According to Koutsoyiannis, a Monopoly can be defined as: a market situation in which there is a single seller, there are no close substitutes for the commodity it produces, there are barriers to entry (Khanna & Jain, 2010). Hence, a monopolistic company will have absolute market share, or in other word, the company is an industry all by itself. According to Baumoi, a Pure Monopoly is defined as: the firm that is also an industry. It is the only supplier of some particular commodity for which there exists no close substitute (Khanna & Jain, 2010). There are also Legal Monopolies, where a firm hold monopolistic power by controlling over 25% of a given market. Monopolistic firms have the privilege of setting prices and can hence reap supernormal profits. In such a scenario, consumers will need to pay whatever price is fixed for a given product, whether it is reasonable or not. Hence, firms making supernormal profits could be acting against public interests. However, there have been arguments claiming that monopolistic firms are, in fact, not against public interest. This paper aims to evaluate both arguments, review relevant literature and finally draw conclusions based on the findings of the said research.
2 Features of a Monopoly
A company can gain monopoly in a market under the given situations:
a) The government itself may choose to grant monopolistic powers to a company, usually a government agency. For example, Oliver Cromwell gave the Royal Mail Group monopoly over the post in 1654, which it eventually lost on 2006 due to the opening up of markets (Blake, 2010).
b) Company’s may have patented products or copyrighted material that does not allow any other firm to produce similar products or services without the consent of the patent owner. For example, Microsoft owns the patent for the Windows Operating System which is the most commonly used operating system in the world having 95% of the market share (Hardware.com, 2010).
c) Two or more major market players merging to attain monopoly through cooperation. However, this is generally prevented by the government if the resulting firm would control over 25% of the market share.
A monopoly has the following main features:
a) One seller or manufacturing company catering to a vast number of consumers (Pride, Hughes & Kapoor, 2009).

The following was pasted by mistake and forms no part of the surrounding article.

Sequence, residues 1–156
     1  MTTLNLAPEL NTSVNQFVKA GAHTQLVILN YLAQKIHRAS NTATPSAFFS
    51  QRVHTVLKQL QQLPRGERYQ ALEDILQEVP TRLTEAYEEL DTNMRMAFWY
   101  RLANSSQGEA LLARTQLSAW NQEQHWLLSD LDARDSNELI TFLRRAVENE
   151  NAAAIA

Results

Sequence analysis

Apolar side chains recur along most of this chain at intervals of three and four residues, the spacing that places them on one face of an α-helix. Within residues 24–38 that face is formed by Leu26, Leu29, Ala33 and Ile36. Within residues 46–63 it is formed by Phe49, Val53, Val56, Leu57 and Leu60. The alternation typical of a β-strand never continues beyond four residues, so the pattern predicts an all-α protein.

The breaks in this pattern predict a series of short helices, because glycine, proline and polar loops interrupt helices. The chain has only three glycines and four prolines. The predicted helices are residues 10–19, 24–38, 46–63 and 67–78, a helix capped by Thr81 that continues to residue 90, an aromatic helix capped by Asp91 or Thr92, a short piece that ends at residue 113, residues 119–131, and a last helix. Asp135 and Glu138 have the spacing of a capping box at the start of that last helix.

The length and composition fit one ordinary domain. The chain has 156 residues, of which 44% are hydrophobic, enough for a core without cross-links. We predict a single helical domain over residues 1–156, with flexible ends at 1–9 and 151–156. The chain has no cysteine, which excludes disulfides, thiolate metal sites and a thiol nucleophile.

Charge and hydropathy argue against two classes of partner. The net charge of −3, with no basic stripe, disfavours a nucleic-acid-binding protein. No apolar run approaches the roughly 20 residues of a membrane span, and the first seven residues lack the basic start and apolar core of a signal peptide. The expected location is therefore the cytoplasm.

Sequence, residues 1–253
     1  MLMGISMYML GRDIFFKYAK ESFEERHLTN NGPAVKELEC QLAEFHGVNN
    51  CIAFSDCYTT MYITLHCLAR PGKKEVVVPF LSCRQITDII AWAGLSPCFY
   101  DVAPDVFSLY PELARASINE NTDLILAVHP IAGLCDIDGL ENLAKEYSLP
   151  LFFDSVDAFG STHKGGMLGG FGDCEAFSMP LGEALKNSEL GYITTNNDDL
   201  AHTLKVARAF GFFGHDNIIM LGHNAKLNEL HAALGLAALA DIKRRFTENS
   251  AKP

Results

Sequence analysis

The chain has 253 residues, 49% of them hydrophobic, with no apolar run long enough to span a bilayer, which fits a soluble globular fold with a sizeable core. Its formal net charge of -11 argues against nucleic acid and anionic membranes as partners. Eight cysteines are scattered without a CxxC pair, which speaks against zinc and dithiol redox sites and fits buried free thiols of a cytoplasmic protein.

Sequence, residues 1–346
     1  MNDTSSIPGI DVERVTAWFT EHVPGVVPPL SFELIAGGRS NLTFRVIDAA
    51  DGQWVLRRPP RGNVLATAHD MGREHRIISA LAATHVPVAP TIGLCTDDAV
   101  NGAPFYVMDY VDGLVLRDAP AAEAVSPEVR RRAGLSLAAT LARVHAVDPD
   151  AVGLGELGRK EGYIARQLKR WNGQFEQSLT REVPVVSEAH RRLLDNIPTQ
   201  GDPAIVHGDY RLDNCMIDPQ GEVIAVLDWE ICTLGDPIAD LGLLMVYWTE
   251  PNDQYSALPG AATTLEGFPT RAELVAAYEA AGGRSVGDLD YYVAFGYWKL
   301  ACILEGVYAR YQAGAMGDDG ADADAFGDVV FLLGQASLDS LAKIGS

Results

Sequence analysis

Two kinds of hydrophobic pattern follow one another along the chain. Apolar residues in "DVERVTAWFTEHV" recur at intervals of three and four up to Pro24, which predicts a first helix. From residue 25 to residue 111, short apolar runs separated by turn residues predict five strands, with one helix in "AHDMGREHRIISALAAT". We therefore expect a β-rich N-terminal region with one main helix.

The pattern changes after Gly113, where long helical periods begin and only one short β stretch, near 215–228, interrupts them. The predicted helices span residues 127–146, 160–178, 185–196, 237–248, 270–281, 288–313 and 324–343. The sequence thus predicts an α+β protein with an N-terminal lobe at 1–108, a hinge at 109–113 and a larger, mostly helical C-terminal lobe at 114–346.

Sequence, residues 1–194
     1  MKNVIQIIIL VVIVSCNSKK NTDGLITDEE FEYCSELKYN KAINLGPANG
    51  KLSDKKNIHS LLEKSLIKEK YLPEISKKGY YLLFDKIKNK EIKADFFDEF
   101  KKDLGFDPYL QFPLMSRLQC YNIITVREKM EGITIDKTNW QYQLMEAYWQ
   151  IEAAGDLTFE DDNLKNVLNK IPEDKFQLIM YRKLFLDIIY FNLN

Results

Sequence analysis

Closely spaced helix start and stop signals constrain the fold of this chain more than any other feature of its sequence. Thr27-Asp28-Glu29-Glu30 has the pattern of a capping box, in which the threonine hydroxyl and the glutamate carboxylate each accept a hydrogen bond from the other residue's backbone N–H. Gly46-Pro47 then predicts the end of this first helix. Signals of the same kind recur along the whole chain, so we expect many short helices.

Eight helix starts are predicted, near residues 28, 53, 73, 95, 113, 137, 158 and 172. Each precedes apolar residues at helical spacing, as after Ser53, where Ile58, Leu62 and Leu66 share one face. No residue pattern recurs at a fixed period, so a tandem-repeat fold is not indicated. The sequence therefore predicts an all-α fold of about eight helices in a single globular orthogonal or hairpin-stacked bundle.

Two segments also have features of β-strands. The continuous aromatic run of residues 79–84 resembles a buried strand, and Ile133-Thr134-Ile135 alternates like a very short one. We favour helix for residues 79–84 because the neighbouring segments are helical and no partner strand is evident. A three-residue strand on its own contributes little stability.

b) As there is only one firm existing in the market, there is no difference between the firm and the industry.
c) Entry of new companies into the market is restricted through barriers such as patents, government laws and regulations, economies of scale and so on.
d) Competition is also eliminated as there is no close substitute for the product being sold or manufactured by the monopolistic company.
e) A monopolist company has the privilege of being a Price Maker. This is crucial to understanding the impact of monopolies on public interest. The price maker controls the supply of the product within the market and is the sole supplier. However, there is a greater magnitude of consumer demanding the product. Hence, the monopolist has full control on deciding the price of the commodity and the consumers have no choice but to buy it at the set price.
f) A monopolist can exercise price discrimination, i.e.: the company can set different prices for the same product when selling to different consumers (Khanna & Jain, 2010)
3 Supernormal Profits in Monopoly
When a firm more profits that are much higher than what is required to keep its operations running efficiently, it is known as supernormal profits. Supernormal profits can be made both in the short term as well as long term. When a firm makes supernormal profits, it alerts other supplier to the fact that the market can be tapped into to make money. This increases the level of competition. The laws of demand and supply come into play and the scope for supernatural profit is generally lost.
However, in a monopolistic market, there are far too many entry barriers to permit new entrants to compete. Hence, supernormal profit has a tendency to be long term in a monopolistic market. Figure 1 illustrates how monopolists can reap supernormal profits in the long run.
While it is true that most businesses always try to maximize their profits, monopolist companies have greater scope for earning supernormal profits. In Figure 1, at the point of maximized profit, MC = MR (Marginal Cost = Marginal Revenue), Q is the Output while P is price. When price (AR) is higher than ATC at Q, supernormal profits become feasible (the PABC area).